The new 26-episode season of Futurama (including the original voice cast) will debut in June.

Over 20 years ago, Fox made prime-time animation relevant again with The Simpsons. Fox’s strategy has long been to team the first family of Springfield with additional animated shows. King of the Hill proved to be a capable running mate for 13 seasons, and in recent years Seth MacFarlane’s one-man animation empire has been riding shotgun.

It seems incongruous that today, pop culture ephemera like Family Guy stands shoulder-to-shoulder with a pair of broadcast progeny while a cultural touchstone like The Simpsons slumps in its 8 o’clock time-slot like a spinster aunt.

Those of us who like our animated shows filled with absurd humor grounded in something other than randomly-generated pop culture references remember that other Matt Groening series – Futurama – which once upon a time was also part of the Sunday night lineup. The show ran from 1999 until it was canceled in 2003, and after cancellation it continued to draw viewers on Cartoon Network and Comedy Central. In 2008, Comedy Central commissioned 4 Direct-to-DVD movies that did well enough for the cable network to pick up the show.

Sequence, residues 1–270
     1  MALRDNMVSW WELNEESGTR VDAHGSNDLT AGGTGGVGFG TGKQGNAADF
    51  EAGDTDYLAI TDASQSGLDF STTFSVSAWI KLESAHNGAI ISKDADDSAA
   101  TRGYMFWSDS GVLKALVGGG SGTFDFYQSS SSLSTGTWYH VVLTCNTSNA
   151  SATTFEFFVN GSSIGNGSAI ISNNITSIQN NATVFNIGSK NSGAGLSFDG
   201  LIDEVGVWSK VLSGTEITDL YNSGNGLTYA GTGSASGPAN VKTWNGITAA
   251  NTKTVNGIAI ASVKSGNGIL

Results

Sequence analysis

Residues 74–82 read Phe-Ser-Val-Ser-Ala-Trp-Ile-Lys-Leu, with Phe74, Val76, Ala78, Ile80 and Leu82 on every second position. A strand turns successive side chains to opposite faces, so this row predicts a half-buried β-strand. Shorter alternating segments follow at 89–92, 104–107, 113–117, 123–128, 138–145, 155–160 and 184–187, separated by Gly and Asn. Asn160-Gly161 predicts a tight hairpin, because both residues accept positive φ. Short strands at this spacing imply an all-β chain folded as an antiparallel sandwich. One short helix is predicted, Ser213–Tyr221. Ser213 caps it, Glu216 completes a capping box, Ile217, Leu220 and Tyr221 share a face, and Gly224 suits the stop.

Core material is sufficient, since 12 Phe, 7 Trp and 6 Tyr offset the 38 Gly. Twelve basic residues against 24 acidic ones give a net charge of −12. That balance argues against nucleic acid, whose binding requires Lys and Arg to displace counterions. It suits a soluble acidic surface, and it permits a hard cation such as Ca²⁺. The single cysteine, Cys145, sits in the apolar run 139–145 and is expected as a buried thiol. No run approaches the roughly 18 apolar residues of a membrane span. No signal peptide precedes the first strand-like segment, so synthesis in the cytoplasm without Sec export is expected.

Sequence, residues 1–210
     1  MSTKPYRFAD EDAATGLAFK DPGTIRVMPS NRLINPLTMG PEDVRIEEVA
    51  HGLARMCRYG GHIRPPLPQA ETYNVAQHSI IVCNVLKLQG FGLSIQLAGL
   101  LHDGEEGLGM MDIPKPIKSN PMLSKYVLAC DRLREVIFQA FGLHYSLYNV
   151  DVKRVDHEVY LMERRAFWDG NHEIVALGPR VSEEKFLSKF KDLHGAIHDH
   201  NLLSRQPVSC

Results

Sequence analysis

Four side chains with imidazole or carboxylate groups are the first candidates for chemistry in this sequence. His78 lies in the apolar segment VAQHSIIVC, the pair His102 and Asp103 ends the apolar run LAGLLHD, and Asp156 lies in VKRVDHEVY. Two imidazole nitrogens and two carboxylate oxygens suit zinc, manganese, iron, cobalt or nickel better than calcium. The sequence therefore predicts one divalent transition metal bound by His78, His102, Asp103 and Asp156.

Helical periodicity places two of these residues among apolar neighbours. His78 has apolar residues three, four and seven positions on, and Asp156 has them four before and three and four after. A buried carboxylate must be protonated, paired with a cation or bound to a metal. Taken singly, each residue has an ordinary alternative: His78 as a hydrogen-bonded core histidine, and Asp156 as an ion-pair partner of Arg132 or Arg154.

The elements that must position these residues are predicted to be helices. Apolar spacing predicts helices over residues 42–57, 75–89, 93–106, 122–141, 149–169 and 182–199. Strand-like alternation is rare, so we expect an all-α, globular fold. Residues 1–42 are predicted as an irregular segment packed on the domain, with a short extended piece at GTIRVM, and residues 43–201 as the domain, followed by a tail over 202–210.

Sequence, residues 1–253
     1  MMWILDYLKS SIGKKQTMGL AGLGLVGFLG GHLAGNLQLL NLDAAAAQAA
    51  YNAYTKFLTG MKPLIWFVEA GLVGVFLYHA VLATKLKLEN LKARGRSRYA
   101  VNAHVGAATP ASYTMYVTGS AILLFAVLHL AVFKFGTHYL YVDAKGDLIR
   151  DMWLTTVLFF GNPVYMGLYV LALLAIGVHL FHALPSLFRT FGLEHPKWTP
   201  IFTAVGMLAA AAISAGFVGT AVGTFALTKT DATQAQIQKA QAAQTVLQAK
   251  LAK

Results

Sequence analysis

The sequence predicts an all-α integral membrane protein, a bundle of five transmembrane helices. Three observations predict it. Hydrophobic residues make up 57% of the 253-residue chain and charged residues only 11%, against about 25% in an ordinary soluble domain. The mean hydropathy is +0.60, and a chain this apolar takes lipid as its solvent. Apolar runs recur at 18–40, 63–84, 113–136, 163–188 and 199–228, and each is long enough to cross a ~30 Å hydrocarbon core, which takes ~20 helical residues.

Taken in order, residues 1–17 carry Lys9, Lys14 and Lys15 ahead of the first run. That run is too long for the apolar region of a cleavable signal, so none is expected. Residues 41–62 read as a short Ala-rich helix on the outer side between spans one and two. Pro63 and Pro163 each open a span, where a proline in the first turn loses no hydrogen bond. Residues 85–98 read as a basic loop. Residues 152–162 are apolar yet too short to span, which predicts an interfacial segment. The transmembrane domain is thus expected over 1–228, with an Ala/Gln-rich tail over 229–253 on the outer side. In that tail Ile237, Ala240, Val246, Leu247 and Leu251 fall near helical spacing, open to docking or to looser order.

Comedy Central Insider reports that the new 26-episode season of Futurama (including the original voice cast) will debut in June. The movies were a bit of a mixed bag, but I’m cautiously optimistic that the show can return to the spirit and humor that made it great during its initial run.

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Doug Clinton

Douglas Clinton was born in rural Connecticut at the tail end of the disco era. He attended Bishop Feehan High School in Attleboro, Massachusetts, where he lettered in two sports and wrote, directed, and performed in several Spanish language films. Following high school, he spent his summers as a postal worker and studied Political Science in the Netherlands. During this time, he also wrote for the insanely popular yet tragically short-lived sketch comedy show Mass Hysteria. His first three plays, The Life and Times of Princess Sophia, The Prophecy of the Shoe, and Princess Tabasco Saves the Universe all debuted in Hardwick, Vermont between 2002 and 2004. After college, he spent three years as a full-time volunteer, for which he was inducted into the Honorable Order of Kentucky Colonels. He currently resides in Charleston, South Carolina with his cats H.I. and Ed(wina).

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